Between the years 2000 and 2009, 294,027 adults were admitted to hospital with a main diagnosis of CAP. Of those, 59,925 (20.4%) died during their hospital admission.

Table 1 represents the inpatient mortality rate per year of admission between 2000–2004 and 2005–2009. The annual mortality rate showed a steady increase between the period 2000–2004 and 2005–2009 with a constant rise of 13.2%, except for the years 2007 and 2009.

Table 1.

Evolution of intra-hospital mortality rate between 2000 and 2009.

Year  Total admissions  Deaths (%)
2000  23,679  4046  (17.1%) 
2001  22,442  4147  (18.5%) 
2002  26,093  4930  (18.9%) 
2003  27,978  5549  (19.8%) 
2004  26,582  5366  (20.2%) 
2005  31,302  6569  (21.0%) 
2006  29,131  6320  (21.7%) 
2007  33,726  7235  (21.5%) 
2008  34,083  7652  (22.5%) 
2009  39,011  8111  (20.8%) 
2000–2004  126,774  24,038  (19.0%) 
2005–2009  167,253  35,887  (21.5%) 
Total (2000–2009)  294,027  59,925  (20.4%) 
Age and gender characterization

The patients admitted with a primary diagnosis of CAP had a mean age of 73.1 years (standard deviation – SD: 16.0). The deceased patients had a mean age of 79.8 years (SD: 11.3) and a median age of 82 years. This was significantly higher than the mean age of the surviving patients with 71.3 years (p<0.01).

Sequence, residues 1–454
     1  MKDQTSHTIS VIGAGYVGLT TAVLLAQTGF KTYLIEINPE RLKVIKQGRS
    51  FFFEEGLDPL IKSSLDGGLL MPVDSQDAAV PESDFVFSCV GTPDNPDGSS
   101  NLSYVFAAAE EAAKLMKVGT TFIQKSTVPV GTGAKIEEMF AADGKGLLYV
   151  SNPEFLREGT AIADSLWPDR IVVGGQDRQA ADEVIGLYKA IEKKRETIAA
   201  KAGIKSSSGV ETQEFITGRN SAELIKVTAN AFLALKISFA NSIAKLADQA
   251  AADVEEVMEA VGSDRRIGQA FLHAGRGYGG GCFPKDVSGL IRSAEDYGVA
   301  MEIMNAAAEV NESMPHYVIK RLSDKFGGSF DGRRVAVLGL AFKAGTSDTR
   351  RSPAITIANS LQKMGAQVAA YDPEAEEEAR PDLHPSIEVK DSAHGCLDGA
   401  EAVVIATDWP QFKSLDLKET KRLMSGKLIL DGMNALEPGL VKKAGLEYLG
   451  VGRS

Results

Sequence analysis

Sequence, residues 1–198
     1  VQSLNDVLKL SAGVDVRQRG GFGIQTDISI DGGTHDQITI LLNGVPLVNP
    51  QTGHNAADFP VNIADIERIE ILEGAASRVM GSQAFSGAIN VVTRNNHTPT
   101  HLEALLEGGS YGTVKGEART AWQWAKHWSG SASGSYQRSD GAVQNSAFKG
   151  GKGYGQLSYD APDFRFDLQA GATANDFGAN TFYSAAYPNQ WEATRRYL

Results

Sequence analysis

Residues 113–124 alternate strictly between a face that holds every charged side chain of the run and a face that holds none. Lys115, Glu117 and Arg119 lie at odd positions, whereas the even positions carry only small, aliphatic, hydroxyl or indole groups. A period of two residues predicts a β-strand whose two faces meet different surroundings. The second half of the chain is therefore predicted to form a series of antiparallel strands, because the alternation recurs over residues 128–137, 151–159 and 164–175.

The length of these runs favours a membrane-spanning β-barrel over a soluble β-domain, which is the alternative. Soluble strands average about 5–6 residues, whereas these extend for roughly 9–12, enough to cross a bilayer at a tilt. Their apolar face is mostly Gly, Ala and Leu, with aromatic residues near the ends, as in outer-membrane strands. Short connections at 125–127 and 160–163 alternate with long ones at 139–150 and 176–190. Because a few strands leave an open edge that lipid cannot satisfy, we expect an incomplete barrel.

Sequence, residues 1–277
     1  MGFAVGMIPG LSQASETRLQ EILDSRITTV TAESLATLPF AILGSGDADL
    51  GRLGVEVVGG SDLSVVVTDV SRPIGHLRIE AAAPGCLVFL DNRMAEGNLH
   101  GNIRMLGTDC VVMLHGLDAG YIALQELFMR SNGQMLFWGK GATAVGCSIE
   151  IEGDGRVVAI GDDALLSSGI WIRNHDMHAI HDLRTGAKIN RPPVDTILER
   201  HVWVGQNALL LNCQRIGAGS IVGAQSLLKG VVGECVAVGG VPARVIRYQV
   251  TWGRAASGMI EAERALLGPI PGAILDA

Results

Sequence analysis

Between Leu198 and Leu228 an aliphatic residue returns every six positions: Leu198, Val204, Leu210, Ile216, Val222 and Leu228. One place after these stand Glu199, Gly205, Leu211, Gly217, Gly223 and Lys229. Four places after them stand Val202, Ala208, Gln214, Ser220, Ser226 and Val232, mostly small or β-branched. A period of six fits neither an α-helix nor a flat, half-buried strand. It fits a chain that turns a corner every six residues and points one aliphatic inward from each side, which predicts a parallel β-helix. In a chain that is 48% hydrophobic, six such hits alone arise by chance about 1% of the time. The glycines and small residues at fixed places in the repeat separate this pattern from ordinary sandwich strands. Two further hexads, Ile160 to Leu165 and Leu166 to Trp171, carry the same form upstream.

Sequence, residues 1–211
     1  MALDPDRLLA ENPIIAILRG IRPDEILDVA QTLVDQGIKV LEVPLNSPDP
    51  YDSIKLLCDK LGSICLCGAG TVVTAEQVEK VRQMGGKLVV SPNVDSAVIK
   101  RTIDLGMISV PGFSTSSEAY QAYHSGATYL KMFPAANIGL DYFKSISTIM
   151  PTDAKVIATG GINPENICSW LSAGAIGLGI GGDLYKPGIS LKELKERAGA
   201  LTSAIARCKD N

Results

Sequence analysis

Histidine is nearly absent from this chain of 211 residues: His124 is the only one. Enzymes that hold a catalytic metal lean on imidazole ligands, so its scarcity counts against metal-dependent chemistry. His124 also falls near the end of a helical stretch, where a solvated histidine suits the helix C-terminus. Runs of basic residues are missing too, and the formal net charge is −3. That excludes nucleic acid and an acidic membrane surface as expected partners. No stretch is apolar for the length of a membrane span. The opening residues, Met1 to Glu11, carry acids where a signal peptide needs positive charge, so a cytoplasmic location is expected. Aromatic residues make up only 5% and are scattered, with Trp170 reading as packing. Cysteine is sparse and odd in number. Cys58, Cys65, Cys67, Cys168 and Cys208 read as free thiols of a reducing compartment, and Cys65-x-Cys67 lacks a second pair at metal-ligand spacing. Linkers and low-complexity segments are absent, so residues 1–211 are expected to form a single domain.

The inpatient mortality rate for male patients was 20.7% while in female population it was 20.0% (p<0.01). Within the total of deceased patients, 56.5% were male with a mean age of 78.1 years and 43.5% were female with a mean age of 82.1 years. The difference between the mean ages in both groups was statistically significant (p<0.01).

There were deaths in all age groups, however, the lowest mortality rate was observed in those aged 29 years with a mortality rate of 1.7%.

Table 2 represents the mortality rate of admitted patients by gender and age group (<50, ≥50, <65, ≥65, <75, ≥75 years).

Table 2.

Intra-hospital mortality by gender and age groups (age inferior or equal to and greater than 50, 65 and 75 years).

Age groups (years)  Admitted patients  Deaths (%)Admitted patients  Deaths (%)Admitted patients  Deaths (%)
<50  19,167  1059  (5.5%)  11,137  456  (4.1%)  30,304  1515  (5.0%) 
≥50  144,311  32,770  (22.7%)  119,411  25,640  (21.5%)  263,723  58,410  (22.1%) 
<65  41,855  3527  (8.4%)  23,520  1388  (5.9%)  65,376  4915  (7.5%) 
≥65  121,623  30,302  (24.9%)  107,028  24,708  (23.1%)  228,651  55,010  (24.1%) 
<75  77,186  9686  (12.5%)  45,528  4259  (9.4%)  122,715  13,945  (11.4%) 
≥75  86,292  24,143  (28.0%)  85,020  21,837  (25.7%)  171,312  45,980  (26.8%) 
Total  163,478  33,829  (20.7%)  130,548  26,096  (20.0%)  294,027  59,925  (20.4%) 

Regardless of gender, the risk of death increased with age. The relative risk of death for patients aged 50 or more was 4.4 times (CI95% 4.2–4.7) the risk for those under this age group. In the population ≥65 years the relative risk of death was 3.2 times (CI95% 3.1–3.3) the risk of the <65 years population (p<0.01).